Current best evidence for clinical care (more info)
Assessment of efficacy of therapeutic plasma exchange (TPE) following life-threatening COVID-19. This was an open-label, randomised clinical trial of ICU patients with life-threatening COVID-19 (positive RT-qPCR plus ARDS, sepsis, organ failure, hyperinflammation). Study was terminated after 87/120 patients enrolled. Standard treatment plus TPE (n = 43) versus standard treatment (n = 44), and stratified by PaO2/FiO2 ratio (>150 vs. =150), were compared. Primary outcomes were 35-day mortality and TPE safety. Secondary outcomes were association between TPE and mortality, improvement in SOFA score, change in inflammatory biomarkers, days on mechanical ventilation (MV), and ICU length of stay (LOS). Eighty-seven patients [median age 49 (IQR 34-63) years; 82.8% male] were randomised (44 standard care; 43 standard care plus TPE). Days on MV (P = 0.007) and ICU LOS (P = 0.02) were lower in the TPE group. 35-Day mortality was non-significantly lower in the TPE group (20.9% vs. 34.1%; Kaplan-Meier, P = 0.582). TPE was associated with increased lymphocytes and ADAMTS-13 activity and decreased serum lactate, lactate dehydrogenase, ferritin, d-dimers and interleukin-6. Multivariable regression analysis provided several predictors of 35-day mortality: PaO2/FiO2 ratio (HR, 0.98, 95% CI 0.96-1.00; P = 0.02]; ADAMTS-13 activity (HR, 0.89, 95% CI 0.82-0.98; P = 0.01); pulmonary embolism (HR, 3.57, 95% CI 1.43-8.92; P = 0.007). Post-hoc analysis revealed a significant reduction in SOFA score for TPE patients (P < 0.05). In critically-ill COVID-19 patients, addition of TPE to standard ICU therapy was associated with faster clinical recovery and no increased 35-day mortality.
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As a COVID-19 internist, I found this article very useful for my every day clinical practice.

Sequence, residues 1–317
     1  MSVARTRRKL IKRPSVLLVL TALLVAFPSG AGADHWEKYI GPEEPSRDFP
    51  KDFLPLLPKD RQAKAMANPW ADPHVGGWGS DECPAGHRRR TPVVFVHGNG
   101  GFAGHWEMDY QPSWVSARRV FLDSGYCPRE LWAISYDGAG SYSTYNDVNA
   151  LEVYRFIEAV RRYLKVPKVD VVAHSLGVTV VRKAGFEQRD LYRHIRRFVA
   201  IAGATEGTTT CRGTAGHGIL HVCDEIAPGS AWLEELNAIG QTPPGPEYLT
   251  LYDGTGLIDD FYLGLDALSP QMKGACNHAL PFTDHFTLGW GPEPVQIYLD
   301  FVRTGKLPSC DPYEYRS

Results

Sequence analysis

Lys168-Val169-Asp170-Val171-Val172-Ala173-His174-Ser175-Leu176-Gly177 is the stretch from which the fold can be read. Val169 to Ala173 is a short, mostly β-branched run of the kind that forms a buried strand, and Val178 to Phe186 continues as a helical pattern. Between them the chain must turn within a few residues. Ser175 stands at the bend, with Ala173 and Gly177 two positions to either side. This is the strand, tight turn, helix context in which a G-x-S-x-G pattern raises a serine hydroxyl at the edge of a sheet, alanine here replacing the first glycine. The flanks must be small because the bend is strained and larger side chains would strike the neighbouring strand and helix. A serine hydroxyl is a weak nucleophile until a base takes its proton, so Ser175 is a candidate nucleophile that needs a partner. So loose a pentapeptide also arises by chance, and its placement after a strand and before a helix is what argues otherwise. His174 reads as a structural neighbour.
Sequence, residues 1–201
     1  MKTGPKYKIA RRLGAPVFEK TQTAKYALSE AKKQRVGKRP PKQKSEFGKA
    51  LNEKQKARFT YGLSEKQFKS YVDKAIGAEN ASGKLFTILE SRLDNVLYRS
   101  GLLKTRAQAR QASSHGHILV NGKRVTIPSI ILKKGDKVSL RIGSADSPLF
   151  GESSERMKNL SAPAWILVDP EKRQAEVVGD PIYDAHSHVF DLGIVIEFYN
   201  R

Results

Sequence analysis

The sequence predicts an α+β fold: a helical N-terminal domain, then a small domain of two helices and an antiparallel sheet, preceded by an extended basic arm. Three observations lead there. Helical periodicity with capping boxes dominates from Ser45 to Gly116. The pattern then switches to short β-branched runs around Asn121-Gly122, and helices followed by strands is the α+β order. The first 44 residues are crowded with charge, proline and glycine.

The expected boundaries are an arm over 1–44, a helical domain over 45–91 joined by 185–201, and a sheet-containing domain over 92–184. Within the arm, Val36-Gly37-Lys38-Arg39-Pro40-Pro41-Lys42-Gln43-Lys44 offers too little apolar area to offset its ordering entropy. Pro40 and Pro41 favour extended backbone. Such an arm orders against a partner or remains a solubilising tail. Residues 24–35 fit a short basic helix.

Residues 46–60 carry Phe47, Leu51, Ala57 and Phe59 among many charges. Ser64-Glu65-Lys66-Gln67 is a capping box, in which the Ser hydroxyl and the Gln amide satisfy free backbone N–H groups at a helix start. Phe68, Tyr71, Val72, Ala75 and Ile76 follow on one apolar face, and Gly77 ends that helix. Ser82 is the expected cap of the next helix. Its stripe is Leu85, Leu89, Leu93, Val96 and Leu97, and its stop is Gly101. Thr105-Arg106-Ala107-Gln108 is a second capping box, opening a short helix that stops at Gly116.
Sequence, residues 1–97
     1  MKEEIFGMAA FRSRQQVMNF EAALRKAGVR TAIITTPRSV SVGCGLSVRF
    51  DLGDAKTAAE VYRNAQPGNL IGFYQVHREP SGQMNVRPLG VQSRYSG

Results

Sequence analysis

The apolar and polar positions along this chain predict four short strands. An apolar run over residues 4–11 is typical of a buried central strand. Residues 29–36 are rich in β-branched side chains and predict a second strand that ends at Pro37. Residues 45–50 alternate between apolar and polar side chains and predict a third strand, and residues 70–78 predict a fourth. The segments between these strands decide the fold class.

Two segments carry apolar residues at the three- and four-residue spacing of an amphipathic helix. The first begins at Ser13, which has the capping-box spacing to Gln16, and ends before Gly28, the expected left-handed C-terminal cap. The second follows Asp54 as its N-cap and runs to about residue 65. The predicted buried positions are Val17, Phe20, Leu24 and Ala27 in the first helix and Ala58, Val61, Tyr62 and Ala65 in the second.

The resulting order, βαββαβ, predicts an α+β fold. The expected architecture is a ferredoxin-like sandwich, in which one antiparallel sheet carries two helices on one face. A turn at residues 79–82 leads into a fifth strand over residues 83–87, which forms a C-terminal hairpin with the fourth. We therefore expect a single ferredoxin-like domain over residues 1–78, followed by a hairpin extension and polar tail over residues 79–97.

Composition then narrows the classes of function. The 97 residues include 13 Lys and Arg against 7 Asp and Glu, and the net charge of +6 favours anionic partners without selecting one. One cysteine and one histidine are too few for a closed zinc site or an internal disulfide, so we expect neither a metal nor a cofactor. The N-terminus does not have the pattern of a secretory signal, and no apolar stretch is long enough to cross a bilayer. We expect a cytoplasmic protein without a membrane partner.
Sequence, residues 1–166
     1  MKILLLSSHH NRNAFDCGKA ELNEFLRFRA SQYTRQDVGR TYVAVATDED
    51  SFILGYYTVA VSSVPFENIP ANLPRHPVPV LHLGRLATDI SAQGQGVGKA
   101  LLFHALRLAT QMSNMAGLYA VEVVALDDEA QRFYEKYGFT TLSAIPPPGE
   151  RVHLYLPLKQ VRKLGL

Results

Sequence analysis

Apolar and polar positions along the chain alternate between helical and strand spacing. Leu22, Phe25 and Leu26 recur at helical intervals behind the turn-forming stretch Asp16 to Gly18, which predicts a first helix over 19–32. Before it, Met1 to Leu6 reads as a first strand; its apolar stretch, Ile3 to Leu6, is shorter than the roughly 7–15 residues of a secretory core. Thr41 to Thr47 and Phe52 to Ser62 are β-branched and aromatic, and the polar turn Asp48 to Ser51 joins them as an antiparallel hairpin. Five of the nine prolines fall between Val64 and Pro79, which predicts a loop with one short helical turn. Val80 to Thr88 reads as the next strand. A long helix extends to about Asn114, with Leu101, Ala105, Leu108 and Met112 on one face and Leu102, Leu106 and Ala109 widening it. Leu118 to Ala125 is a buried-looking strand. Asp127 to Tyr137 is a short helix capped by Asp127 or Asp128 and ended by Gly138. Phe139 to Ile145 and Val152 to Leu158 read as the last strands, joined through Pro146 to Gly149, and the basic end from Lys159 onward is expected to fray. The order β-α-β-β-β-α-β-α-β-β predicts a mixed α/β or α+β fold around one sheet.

Plasma exchange has not made it into any guidelines for the management of COVID-19. No strong evidence exists to support this method thus far. The present paper, limited by the number of patients studied, shows no mortality benefit, though some other benefits are noted. Overall, this is not a ringing endorsement for this method.
This RCT on TPE showed beneficial outcomes in reducing days in ICU and MV with a positively trending mortality benefit in COVID-19 patients. Strengths: the RCT is sufficiently powered for the primary outcome; innovation to eliminate the adverse effects of CPT. Weaknesses: the study was terminated early because of lack of patients; not blinded and single-centred - risk of huge; although TPE was used with the intention of reducing the inflammatory and thrombotic complication of CPT, actually TE complications were still high. Steroid use also possibly reduced inflammatory impacts and helped reduce inflammation, overlapping the primary outcome - the study was insufficiently powered even to comment on them; not sure when even CPT failed - how did TPE reduce the primary and secondary outcomes when antibodies were removed? - even CPT would have those interleukins. Impression: Important initiative but lacks clear goal.